Hugh Hopper & Alan Gowen — Two Rainbows Daily
(Cuneiform Rune 77, 1978/1995, CD)
by Jeff Melton, Published 1996-03-01
Another example of re-issue heaven? This album is (to my knowledge) the only bass / keyboard duet album made from a Canterbury link (Gilgamesh / Soft Machine). Originally released in the UK/USA in 1978, it found its way into semi-obscurity almost immediately upon release. Another fine album of jazz improvisation which showcases harmonic and compositional sensitivity (probably the trademark of all Canterbury releases). Rhythm on the original eight songs is primarily held down by a slow, calculated interaction between keyboards and fuzz bass lines: no busy flash playing here. "Morning Order" has a very subtle synth intro alternating with crisp, restrained bass playing, two layers of keyboards building a slow, sedate atmosphere — Gowen's stamp on nearly all his work. The title track is probably the only truly bright, optimistic moment on the disc; featured is Gowen's acoustic piano, underpinned by drone-like Moog tones, and a nice wandering bass chart. "Elibom" is also a standout counterpoint piece, one of my favorite of all Hopper compositions. An additional five bonus tracks have been added onto the disc which comprise live performances from September 1980 made with Nigel Morris, drums (ex-Isotope, along with Hopper). These pieces are live tracks that show how well this trio could interplay off each other without getting too free. Also included are brand new liner notes by Hopper that help shed some more light on the workings of Gowen and cohorts at the this time. A closing note: according the Stewart / Gaskin website, this is disc was re-released almost exactly at the same time as another select Gowen project: Before a Word Is Said (also reviewed in this issue). Enjoy!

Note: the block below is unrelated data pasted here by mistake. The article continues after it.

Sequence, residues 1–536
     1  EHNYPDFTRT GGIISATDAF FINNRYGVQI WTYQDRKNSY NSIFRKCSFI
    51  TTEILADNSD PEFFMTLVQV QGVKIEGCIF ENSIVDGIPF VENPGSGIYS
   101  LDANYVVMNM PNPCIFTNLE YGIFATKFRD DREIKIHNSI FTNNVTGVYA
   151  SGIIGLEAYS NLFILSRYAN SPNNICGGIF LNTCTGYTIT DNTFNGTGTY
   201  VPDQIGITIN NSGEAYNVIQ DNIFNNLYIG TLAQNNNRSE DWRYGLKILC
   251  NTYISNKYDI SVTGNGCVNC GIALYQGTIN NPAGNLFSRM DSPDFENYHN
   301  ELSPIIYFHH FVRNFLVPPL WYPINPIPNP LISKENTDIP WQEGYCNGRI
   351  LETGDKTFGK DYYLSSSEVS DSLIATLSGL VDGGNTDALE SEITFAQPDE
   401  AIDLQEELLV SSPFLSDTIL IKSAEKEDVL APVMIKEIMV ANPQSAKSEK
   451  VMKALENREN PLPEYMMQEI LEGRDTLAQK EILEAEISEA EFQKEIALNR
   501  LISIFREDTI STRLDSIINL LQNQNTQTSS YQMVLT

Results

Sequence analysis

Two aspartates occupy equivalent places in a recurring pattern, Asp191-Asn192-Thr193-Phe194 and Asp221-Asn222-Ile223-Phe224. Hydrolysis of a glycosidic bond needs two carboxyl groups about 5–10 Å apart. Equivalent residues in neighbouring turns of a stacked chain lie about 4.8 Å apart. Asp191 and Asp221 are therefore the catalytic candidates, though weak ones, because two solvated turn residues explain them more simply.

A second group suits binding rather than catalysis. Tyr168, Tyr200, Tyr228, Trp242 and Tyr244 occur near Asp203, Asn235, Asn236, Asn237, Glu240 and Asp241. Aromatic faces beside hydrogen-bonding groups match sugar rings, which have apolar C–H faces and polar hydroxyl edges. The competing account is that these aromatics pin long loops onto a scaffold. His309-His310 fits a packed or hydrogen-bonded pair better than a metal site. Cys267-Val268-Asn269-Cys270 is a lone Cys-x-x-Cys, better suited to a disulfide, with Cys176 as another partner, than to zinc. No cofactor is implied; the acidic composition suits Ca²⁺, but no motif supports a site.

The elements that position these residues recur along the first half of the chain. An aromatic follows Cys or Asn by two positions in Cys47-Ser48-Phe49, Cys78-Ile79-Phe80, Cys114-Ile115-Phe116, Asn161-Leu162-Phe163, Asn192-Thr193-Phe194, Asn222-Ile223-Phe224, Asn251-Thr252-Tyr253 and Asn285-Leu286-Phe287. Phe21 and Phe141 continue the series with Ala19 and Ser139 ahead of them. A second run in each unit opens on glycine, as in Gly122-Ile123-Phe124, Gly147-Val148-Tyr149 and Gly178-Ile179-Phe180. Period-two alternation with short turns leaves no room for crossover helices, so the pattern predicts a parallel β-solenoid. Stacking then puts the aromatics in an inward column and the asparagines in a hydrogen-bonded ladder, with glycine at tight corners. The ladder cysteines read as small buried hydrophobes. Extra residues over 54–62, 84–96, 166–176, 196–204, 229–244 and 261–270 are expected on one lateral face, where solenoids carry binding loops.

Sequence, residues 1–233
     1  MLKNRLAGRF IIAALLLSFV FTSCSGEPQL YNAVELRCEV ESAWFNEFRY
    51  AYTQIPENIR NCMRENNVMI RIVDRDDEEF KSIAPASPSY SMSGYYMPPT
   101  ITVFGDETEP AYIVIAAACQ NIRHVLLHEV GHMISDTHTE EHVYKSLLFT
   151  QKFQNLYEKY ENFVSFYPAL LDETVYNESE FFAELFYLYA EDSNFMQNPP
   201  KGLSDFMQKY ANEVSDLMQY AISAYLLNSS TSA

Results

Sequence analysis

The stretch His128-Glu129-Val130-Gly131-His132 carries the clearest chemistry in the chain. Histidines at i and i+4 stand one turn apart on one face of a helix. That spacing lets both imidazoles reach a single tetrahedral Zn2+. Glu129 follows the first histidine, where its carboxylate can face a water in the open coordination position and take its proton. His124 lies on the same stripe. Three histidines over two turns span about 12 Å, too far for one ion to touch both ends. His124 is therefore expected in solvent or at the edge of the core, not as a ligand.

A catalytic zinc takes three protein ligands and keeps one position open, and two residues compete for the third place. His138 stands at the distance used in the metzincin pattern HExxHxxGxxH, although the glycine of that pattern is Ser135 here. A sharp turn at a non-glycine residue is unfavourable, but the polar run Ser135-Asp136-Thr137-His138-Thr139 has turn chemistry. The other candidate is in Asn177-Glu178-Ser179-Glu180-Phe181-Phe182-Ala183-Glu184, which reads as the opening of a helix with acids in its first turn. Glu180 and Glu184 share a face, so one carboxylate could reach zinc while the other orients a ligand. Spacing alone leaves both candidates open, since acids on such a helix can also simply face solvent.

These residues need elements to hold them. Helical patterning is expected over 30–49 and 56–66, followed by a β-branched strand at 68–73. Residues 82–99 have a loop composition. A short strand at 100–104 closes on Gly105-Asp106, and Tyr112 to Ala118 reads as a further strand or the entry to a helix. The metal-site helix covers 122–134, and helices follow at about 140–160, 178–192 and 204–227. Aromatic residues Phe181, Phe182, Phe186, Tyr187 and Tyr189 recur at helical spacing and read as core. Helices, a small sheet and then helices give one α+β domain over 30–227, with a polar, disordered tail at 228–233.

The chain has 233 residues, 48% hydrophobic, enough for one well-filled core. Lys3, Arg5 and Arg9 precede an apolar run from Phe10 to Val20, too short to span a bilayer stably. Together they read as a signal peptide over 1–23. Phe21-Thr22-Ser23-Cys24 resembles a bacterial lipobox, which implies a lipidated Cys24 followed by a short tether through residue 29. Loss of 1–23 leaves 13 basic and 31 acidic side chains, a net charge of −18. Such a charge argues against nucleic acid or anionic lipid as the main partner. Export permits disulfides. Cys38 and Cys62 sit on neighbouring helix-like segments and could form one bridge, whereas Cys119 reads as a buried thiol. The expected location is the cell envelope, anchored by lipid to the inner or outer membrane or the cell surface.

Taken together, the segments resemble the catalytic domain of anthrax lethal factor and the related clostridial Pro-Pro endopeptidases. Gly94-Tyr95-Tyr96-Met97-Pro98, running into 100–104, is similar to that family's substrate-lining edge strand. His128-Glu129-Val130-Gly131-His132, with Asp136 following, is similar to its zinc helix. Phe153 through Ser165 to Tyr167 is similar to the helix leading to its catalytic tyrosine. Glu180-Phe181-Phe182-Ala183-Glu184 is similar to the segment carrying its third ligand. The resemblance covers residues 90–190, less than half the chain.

Keith Tippett RIP – One of the giants of British jazz has left us. Keith Graham Tippetts, known professionally as Keith Tippett, died today at the age of 72. His work from the late 60s into the 70s and beyond includes some of the greatest jazz produced in the UK, and stands as an impressive oevre to this day. » Read more
Phil May of The Pretty Things RIP – We were saddened to learn that Phil May, lead singer and founding member of The Pretty Things, has died at the age of 75. The band's 1968 album S.F. Sorrow is one of the enduring classics of the psychedelic era, and the group existed in various forms until finally retiring in 2018. » Read more
Jorge Santana RIP – Jorge Santana, noted guitarist, leader of the band Malo and brother to Carlos Santana, died on May 14 at the age of 68. Jorge and Carlos worked together on a number of occasions, though Jorge's career was centered around Malo, solo work, and with Fania All-Stars. » Read more
Shindig Festival Goes Lock-Down – Here's what they're saying: It's A Happening Thing! The Shindig! Magazine Lockdown Festival. In our days of no large gatherings of people, maybe it's still possible to have a music festival. Shindig! Magazine is giving it a go with a multi-artist streaming extravaganza on Saturday April 25. » Read more